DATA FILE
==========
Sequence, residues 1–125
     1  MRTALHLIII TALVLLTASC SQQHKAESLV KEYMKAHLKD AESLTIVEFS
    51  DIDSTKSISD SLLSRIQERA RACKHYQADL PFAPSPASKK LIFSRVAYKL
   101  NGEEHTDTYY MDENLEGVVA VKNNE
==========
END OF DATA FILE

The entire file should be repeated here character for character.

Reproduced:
Sequence, residues 1–125
     1  MRTALHLIII TALVLLTASC SQQHKAESLV KEYMKAHLKD AESLTIVEFS
    51  DIDSTKSISD SLLSRIQERA RACKHYQADL PFAPSPASKK LIFSRVAYKL
   101  NGEEHTDTYY MDENLEGVVA VKNNE